We all want to lead happy, healthy lives, but research shows that surprisingly few of us know how.

Did you know that only about a third of our personal strengths are natural, that is, based on our genetics and the personality we’re born with? Two-thirds of our strengths and attributes—characteristics that get us successfully through life—are learned. As Dr. Rick Hanson says, “Finding out how to grow these strengths inside you could be the most important thing you ever learn.”

According to Dr. Martin Seligman, author of Learned Optimism, positive thinking and happiness are skill sets that need to be developed and nurtured through learning and practice. The same goes for well-being. Based largely on the work of psychologist Carol Ryff, well-being therapies help people learn self-acceptance, self-sufficiency and how to build and manage positive relationships, as well as lead productive, meaningful lives.

5. Anxiety and depression don’t discriminate but social stigma does

The World Health Organization reports that 350 million men, women and children around the world suffer from depression and affective disorders.

Depression is the leading cause of disability worldwide.

The social stigma surrounding anxiety and depression often leaves people feeling isolated, ashamed and unwilling to get help for fear of being identified as weak or lacking in character. Because many people also dread being medicated or undergoing extensive therapy, they are reluctant to speak to their medical doctor. They don’t want to be emotionally poked, prodded or “diagnosed.”

Although the reasons for anxiety and depression are varied, complex and often deeply unconscious, recent research demonstrates how the brain affects our thoughts, feelings and actions. This is important because the more we know about how our brains work, the better we can manage our thoughts, emotions and how we function in the world.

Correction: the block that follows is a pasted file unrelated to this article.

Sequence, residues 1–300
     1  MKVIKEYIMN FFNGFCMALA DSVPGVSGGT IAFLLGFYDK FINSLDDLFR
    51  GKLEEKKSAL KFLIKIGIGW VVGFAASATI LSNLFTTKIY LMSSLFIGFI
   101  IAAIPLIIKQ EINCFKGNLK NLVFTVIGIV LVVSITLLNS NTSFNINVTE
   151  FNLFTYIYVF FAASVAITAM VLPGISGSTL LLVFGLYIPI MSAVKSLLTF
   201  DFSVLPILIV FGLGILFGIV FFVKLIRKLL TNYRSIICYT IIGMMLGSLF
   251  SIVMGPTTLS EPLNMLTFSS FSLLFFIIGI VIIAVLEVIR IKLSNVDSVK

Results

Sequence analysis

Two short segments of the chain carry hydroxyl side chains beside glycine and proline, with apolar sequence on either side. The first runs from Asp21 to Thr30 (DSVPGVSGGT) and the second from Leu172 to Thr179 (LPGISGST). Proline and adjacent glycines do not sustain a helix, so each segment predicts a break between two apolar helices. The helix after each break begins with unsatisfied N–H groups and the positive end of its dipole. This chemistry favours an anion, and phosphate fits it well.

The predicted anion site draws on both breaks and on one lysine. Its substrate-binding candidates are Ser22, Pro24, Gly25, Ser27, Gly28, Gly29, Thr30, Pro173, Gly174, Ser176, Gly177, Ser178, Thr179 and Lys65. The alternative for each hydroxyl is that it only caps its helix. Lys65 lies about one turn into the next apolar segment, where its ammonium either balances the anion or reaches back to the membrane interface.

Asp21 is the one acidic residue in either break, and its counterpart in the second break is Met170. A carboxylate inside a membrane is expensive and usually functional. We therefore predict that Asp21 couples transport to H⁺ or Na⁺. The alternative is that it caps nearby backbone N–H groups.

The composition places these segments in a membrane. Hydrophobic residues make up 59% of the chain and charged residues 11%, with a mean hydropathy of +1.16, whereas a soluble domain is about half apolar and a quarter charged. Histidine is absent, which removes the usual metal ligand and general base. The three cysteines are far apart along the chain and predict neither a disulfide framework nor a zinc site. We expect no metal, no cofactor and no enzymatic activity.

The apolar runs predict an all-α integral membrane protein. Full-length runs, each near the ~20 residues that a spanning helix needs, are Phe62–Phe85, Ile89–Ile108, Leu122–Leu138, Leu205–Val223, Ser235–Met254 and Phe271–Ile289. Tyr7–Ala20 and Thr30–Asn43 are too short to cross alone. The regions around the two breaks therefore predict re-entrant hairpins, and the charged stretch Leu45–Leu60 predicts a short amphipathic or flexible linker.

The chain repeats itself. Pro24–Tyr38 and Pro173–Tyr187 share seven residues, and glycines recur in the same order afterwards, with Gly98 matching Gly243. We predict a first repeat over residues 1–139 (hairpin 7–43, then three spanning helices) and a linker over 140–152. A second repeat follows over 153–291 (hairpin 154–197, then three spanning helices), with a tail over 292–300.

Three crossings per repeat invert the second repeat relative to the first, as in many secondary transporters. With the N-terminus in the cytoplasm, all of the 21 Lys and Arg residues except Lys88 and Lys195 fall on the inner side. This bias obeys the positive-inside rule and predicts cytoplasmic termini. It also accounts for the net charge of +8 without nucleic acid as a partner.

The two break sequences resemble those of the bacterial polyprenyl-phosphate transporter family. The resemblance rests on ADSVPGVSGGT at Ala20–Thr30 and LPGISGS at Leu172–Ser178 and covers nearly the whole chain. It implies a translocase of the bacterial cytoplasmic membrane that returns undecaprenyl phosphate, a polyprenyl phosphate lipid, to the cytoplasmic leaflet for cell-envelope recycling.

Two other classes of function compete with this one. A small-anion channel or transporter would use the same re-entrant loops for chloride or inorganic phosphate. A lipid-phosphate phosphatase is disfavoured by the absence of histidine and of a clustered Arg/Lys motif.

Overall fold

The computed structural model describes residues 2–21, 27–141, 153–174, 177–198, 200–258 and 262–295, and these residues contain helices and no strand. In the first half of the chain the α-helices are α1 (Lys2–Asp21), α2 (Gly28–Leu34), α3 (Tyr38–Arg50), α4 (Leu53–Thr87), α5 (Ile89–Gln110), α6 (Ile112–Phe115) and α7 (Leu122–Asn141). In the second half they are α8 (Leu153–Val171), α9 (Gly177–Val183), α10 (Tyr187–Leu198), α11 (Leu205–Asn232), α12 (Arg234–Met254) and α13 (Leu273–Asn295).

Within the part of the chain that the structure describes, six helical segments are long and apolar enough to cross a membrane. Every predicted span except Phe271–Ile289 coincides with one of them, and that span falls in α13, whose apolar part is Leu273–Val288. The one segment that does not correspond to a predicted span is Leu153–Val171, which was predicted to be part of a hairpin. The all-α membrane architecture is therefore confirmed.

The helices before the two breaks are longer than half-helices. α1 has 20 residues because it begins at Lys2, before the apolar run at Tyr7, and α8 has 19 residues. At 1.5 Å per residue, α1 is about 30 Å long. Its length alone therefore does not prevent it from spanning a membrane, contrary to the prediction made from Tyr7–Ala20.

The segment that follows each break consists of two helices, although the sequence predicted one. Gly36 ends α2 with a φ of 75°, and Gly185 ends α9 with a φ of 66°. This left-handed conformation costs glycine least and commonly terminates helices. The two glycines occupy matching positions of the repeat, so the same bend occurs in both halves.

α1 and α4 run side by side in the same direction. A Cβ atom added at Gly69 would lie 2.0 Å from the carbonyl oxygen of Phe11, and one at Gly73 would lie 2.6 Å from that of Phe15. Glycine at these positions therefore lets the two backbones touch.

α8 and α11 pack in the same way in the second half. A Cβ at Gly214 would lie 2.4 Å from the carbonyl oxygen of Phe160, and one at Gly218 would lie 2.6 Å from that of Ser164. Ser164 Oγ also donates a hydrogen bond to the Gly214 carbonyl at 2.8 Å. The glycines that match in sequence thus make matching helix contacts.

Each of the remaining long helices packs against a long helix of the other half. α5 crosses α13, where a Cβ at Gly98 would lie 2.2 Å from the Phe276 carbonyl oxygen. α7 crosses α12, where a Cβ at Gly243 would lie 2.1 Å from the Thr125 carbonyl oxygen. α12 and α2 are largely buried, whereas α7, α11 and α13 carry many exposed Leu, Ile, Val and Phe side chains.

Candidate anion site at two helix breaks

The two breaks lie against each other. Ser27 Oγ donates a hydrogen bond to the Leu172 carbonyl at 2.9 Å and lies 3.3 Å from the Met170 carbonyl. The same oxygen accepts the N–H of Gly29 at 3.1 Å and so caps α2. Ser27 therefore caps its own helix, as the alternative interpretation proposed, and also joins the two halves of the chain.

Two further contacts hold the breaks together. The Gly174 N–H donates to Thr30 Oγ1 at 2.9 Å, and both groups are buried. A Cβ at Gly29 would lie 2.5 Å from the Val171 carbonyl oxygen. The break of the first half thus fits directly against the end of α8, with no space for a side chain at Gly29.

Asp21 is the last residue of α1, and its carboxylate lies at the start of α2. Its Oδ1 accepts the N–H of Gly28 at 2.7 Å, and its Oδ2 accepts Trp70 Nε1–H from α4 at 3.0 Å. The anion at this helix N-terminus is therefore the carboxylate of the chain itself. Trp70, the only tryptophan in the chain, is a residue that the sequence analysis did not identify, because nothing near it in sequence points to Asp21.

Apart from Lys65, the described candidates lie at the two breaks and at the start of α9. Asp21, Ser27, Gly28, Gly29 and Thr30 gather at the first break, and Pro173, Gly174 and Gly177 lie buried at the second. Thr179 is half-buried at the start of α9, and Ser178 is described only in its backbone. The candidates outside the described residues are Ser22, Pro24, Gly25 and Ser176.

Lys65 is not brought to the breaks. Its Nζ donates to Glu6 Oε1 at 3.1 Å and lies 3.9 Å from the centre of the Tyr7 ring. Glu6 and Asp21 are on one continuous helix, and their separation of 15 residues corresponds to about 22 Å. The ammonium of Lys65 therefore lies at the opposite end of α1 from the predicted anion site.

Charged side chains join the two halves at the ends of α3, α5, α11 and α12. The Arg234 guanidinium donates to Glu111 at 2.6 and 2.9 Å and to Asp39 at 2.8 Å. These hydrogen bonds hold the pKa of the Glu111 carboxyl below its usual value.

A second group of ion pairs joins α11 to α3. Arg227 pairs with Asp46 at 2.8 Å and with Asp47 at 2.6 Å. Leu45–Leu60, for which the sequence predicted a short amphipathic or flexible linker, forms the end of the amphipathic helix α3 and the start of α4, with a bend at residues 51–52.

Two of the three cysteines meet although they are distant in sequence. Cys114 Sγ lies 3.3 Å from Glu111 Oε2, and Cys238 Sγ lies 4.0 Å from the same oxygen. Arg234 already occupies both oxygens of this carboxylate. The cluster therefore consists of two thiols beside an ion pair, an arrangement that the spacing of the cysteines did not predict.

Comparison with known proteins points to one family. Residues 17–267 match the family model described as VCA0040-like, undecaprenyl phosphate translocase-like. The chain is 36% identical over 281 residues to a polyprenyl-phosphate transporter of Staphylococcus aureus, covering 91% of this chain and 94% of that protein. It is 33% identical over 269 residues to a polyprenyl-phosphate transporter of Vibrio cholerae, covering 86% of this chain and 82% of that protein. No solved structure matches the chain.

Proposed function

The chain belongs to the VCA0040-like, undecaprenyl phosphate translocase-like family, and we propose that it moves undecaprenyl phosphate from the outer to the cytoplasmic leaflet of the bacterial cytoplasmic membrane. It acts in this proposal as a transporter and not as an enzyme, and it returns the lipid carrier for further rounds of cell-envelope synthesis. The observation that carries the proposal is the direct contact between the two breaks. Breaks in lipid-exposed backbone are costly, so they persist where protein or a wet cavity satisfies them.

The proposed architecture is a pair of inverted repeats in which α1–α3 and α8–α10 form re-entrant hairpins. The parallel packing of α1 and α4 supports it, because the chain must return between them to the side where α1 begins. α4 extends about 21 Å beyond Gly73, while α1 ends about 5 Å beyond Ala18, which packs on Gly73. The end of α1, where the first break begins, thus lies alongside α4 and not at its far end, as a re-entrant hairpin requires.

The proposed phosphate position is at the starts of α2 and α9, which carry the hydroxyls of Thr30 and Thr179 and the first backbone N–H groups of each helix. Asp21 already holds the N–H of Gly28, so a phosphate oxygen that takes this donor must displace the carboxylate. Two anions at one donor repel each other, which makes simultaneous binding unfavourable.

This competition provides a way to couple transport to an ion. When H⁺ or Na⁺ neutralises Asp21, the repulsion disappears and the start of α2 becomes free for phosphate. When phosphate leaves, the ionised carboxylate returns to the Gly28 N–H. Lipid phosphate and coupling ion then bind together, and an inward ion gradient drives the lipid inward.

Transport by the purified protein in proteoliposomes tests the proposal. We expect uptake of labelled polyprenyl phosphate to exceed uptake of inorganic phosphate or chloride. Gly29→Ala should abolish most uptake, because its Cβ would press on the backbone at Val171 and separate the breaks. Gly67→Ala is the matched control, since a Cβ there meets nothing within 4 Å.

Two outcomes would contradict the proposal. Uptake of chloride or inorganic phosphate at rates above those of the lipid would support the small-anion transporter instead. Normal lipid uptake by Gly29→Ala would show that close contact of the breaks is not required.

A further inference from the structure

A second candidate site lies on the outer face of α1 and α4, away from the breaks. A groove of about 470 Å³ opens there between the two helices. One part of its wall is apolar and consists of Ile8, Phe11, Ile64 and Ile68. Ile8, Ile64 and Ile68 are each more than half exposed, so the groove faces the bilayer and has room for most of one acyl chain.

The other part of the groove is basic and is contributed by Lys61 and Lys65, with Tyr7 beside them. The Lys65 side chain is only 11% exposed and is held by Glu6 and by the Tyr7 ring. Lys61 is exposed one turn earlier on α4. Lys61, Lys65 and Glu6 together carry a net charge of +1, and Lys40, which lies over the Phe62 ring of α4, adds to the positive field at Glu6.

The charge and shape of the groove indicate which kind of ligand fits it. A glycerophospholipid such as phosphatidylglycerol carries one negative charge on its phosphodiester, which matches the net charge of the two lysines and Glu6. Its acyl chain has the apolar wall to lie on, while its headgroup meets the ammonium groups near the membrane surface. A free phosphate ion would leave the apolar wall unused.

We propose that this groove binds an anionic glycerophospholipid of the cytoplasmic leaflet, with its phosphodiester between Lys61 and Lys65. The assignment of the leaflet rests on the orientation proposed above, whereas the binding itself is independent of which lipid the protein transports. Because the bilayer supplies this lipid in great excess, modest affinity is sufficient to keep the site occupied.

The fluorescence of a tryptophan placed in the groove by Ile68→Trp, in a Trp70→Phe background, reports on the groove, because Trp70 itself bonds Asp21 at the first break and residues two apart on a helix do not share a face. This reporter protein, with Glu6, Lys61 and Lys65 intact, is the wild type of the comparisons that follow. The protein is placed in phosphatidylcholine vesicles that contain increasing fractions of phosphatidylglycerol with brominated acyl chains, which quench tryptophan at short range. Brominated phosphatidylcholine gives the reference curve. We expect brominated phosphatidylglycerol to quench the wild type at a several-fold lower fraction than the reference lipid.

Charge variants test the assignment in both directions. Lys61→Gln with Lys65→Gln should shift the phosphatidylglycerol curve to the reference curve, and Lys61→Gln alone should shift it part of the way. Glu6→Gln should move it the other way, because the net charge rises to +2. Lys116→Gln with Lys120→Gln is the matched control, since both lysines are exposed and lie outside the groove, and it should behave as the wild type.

Although more research is needed, a growing body of evidence also presents encouraging results from positive psychology and complementary therapies as effective treatment options for situational anxiety and depression.

Summary – Learning to let go

For many of us, letting go of anxiety is a daily struggle.

As Dr. Rick Hanson writes, “The reactive mode of the brain has worked very well for survival for most of human history, but today it’s stressing our whole planet.” Although most of us aren’t born wired for positive thinking, the brain is a learning machine designed for change. Growth is our evolutionary history.

References:

Hanson, R. and Mendius, R. (2009). Buddha’s brain: The practical neuroscience of happiness, love and wisdom. Oakland, CA: New Harbinger Publications.

Hanson, R. (2013). Hardwiring happiness: The new brain science of contentment, calm, and confidence: New York, NY: Harmony.

Harvard Health Publications for Harvard Medical School. (2014). http://www.health.harvard.edu/newsweek/positive-psychology-in-practice.htm

Ryff, C. D. (1989). Happiness is everything, or is it? Explorations on the meaning of psychological well-being. Journal of Personality and Social Psychology, 57(6), 1069-1081.

Ryff, C. D., & Singer, B. (2008). Know thyself and become what you are: A edudaimonic approach to psychological well-being. Journal of Happiness Studies 9(1), 13-39.

Seligman, M. (2006). Learned optimism: How to change your mind and your life. New York, NY: Vintage.

Seligman, M. (2011). Flourish: A visionary new understanding of happiness and well-being. New York, NY: Free Press.

World Health Organization. (2012). Mental health: Depression. Retrieved from http://www.who.int/features/factfiles/mental_health/en/index.html

World Health Organization. (2012). Mental health: Depression. Retrieved from http://www.who.int/features/factfiles/mental_health/en/index.html
Photo Credit: http://blog.workhealthlife.com/wp-content/uploads/2013/04/think-positive.jpg